Further enhancing the listening experience of the headphones is the active noise canceling. I’ll admit that I didn’t hear a lot of difference between the active and active noise canceling; the noise floor seemed slightly lower with the active noise canceling engaged, but the sound was very similar. I do think that the active and active noise canceling functions offer a dramatic improvement over the headphone’s passive listening mode. Listening to a track I recorded in GarageBand of me playing an acoustic guitar and my then-4-year-old daughter talking/singing, I was able to hear my daughter’s voice in the left channel before panning it to the center of the mix. Her voice is down several dBs in the mix and it’s a subtle thing that would be easy to lose with a typical set of headphones. Doing my best to imitate Zakk Wylde, I could also hear my guitar solo in the song rise in volume, peak and fade out without losing any clarity or airiness within the mix. It also retained nice amounts of detail, which included my being able to hear the touch of delay I added to my Gibson Les Paul guitar and Mesa Boogie amplifier during the solo plus fairly heavy reverb on my daughter’s voice.

The headphones also presented the overdubs in the mix with space so as they weren’t stepping on the main guitar track which I ran down the middle of the mix. One last thing that I really like with the noise canceling mode was how the headphones responded to micro dynamics like the intensity at which I was strumming my Taylor 314ce acoustic. 

Value (A)
The M4U 2s (MSRP $399) aren’t the most expensive headphones on the market, but they are without a doubt a premium audio product that audiophiles and travelers can appreciate.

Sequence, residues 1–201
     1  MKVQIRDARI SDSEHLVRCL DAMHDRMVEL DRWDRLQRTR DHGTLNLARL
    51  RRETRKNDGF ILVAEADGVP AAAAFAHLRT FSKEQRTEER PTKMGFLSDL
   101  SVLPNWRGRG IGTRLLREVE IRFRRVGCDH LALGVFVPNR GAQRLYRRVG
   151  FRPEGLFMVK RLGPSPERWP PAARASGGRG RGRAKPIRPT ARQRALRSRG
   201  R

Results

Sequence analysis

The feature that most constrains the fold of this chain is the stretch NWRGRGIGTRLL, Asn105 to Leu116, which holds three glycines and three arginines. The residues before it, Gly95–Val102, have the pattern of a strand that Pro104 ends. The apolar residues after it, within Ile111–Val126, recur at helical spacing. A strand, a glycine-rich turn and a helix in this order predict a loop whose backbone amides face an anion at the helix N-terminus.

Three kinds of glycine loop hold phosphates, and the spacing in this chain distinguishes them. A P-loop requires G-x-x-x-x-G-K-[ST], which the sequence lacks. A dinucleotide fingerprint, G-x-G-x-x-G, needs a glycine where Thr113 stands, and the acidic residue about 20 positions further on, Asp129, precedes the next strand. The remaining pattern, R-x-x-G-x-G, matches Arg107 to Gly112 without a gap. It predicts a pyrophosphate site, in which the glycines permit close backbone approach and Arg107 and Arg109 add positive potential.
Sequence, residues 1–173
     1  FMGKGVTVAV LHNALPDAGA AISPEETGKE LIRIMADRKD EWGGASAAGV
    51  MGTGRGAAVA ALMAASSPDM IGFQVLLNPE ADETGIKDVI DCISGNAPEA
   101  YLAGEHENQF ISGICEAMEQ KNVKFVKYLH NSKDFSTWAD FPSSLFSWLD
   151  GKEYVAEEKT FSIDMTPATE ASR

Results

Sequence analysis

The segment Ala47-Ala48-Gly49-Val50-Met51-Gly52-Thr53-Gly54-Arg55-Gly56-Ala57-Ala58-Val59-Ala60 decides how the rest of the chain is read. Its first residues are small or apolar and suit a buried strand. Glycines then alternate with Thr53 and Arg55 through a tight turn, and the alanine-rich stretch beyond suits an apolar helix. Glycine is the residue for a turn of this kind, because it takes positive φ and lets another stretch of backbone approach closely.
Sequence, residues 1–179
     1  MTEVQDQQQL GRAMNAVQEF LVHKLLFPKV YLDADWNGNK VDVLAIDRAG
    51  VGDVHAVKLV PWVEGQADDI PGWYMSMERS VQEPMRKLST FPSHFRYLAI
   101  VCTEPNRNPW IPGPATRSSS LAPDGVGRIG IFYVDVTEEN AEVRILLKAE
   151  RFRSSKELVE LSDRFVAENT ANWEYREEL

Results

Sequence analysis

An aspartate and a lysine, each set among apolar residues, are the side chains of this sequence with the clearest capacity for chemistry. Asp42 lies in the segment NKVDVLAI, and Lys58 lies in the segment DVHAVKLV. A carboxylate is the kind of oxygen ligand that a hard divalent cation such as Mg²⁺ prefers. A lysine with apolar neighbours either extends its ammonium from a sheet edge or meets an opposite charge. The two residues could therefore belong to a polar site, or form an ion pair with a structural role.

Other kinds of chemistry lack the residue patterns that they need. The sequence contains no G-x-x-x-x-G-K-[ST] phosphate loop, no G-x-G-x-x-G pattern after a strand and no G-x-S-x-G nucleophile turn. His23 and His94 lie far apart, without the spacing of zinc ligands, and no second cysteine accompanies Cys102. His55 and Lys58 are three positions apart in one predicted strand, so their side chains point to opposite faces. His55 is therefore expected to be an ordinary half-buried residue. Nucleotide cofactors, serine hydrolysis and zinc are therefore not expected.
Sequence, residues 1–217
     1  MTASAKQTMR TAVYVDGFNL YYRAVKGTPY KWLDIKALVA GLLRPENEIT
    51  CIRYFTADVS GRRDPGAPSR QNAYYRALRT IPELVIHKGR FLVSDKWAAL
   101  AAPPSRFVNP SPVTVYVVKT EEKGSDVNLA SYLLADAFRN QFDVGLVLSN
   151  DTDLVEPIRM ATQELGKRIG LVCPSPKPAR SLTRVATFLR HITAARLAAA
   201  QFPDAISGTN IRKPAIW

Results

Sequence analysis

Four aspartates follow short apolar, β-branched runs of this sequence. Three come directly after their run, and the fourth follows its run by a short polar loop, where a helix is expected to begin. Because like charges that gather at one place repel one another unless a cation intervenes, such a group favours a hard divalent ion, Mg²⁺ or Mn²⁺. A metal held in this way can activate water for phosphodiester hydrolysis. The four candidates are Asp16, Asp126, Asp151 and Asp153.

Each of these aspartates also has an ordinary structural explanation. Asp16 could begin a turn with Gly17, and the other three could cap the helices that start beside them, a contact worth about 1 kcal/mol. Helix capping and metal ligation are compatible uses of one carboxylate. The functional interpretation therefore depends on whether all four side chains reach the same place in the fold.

Final Thoughts (A)
Over the past couple of years I’ve written that PSB has been on a huge roll in the world of loudspeakers. The M4U 2 headphones carry the momentum of the company’s speaker triumphs into a new category. My only criticism of the headphones is that they are a bit bulkier and heavier than some headphones, but after a while users will grow accustomed to the additional girth. Also, the carrying case is a slightly larger than some headphones and users will have to take this into account if they are stuffing the case into their airline carry-on bags. Beyond those minor criticisms, the M4U 2s sound as good as anything currently on the market, if not better.



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  About the Author

Bob is an audio enthusiast who has written about consumer electronics for various publications within Massachusetts before joining the staff of CE Pro in 2000. Bob is THX Level I certified, and he's also taken classes from the Imaging Science Foundation (ISF) and Home Acoustics Alliance (HAA). Bob also serves as the technology editor for CE Pro's sister publication Commercial Integrator. In addition, he's studied guitar and music theory at Sarrin Music Studios in Wakefield, Mass., and he also studies Kyokushin karate at 5 Dragons in Haverhill, Mass. Have a suggestion or a topic you want to read more about? Email Robert at robert.archer@emeraldexpo.com